WASHINGTON — Many of the nation's mayors and governors are ordering schools, courthouses and even large public gatherings shut down, but where do they get the power to do that?
Every state in the United States — and virtually every country in the world — has laws conferring this legal authority. They're some of the oldest on the books, stemming from the plagues of past centuries that devastated Europe and were reworked again after the 1918 Spanish flu epidemic and the more recent Ebola outbreak.
"There's no question that states have very broad powers to do rather extraordinary things in public health emergencies," professor Wendy Parmet, an expert on public health law at Northeastern University, says.
President Donald Trump will declare a national emergency Friday, but that largely would provide more assistance to state and local governments and would not enlarge federal power to restrict public gatherings or travel. It provides the same kind of aid that is made available in response to national disasters like hurricanes.
The federal government has long had authority to prevent people who could be carrying disease from entering the country. Trump imposed the European travel ban under his general power to restrict immigration.
Federal law says the president can suspend the entry of any noncitizens "whenever the president finds that the entry of any aliens or of any class of aliens into the United States would be detrimental to the interests of the United States." It's the same provision Trump invoked in the past, with varying degrees of success, to limit travel from mostly Muslim countries and to restrict immigration at the southern border.
Chief Justice John Roberts referred to this power two years ago when the court upheld a modified version of Trump's Middle Eastern travel ban. If the opponents were right about the limits of the law, "the president would not be able to suspend entry from a particular country in the event of an epidemic in that country or even if the United States were on the brink of war with that country."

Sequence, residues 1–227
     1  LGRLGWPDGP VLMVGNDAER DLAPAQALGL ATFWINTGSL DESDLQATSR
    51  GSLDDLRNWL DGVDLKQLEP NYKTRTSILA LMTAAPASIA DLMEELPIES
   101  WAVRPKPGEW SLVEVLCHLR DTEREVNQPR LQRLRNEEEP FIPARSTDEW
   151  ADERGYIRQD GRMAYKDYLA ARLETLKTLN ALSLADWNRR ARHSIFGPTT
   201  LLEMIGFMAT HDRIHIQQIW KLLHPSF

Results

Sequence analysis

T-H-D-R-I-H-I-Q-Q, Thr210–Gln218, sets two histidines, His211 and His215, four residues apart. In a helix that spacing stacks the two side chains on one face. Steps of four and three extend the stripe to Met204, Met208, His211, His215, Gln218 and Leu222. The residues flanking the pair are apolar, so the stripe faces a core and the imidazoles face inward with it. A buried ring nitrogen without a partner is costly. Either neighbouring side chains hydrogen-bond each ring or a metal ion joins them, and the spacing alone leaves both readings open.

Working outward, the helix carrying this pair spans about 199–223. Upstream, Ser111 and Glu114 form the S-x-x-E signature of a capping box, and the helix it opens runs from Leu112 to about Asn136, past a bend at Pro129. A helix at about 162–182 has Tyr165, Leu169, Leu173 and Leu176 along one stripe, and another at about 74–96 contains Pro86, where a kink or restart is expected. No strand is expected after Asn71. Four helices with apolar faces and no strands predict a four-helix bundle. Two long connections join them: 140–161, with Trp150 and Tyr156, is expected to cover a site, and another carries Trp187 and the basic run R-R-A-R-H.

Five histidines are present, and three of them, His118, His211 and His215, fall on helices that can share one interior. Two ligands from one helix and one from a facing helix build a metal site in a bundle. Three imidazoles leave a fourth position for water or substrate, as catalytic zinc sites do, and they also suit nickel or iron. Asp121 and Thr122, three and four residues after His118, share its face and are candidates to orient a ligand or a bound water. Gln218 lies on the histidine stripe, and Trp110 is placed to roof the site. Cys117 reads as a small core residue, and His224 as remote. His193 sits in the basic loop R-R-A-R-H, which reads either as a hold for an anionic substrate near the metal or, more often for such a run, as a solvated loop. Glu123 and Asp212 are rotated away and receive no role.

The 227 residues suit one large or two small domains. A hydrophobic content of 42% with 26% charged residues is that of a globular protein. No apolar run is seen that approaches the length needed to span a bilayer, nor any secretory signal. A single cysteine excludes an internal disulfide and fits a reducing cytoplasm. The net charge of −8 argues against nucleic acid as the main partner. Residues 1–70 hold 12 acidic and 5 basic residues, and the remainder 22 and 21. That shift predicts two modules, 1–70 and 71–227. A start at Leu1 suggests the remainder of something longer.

Separately, federal public health laws give the Centers for Disease Control and Prevention the authority to detain and examine anyone arriving in the U.S. suspected of carrying a communicable disease. The federal government could even limit travel from one state to another by people deemed a public health risk, though the practical limitations of actually doing it make that largely theoretical.
Professor George Annas, a public health law expert at Boston University, said, "I don't think you're going to see any restriction on interstate travel in the United States."
Most of the restrictions popping up now in response to the coronavirus pandemic are local ones. All states and the District of Columbia have laws, as part of their general police powers, authorizing quarantine, which is a restriction on people who may have been exposed to see if they become sick, and isolation, which is intended to stop people known to be sick from spreading a disease.
While these laws vary widely, most give governors or public health officials authority to limit public interactions in emergencies.
Washington state's law, for example, says the governor "after proclaiming a state of emergency ... may issue an order prohibiting ... any number of persons, as designated by the governor, from assembling or gathering on the public streets, parks, or other open areas of this state, either public or private."
That includes banning such nongovernment gatherings such as sporting events or concerts. The ability of private businesses to successfully challenge these restrictions is very limited, assuming the state and local authorities follow the rules and don't act irrationally or with intent to illegally discriminate.
"If somebody were to challenge something like (New York) Gov. Andrew Cuomo's containment order or the one shutting down Broadway, I think it would be very hard in this climate to prevail in court," Parmet said. "Things may change depending on how long this goes on, but courts have traditionally been extremely deferential to public health emergency powers."
Some states restrict how local officials can close public gathering places, and places like movie theaters can be closed without further authority from a legislature, Annas says. "In general, as long as you have the support of the public, the power is nearly unlimited."
President Bill Clinton used that authority in 2000 to help New York and New Jersey deal with an outbreak of the West Nile virus, allowing them to conduct spraying against mosquitoes that spread the disease. President Barack Obama, under the same law, made federal support available to West Virginia and Flint, Michigan, when water supplies were contaminated.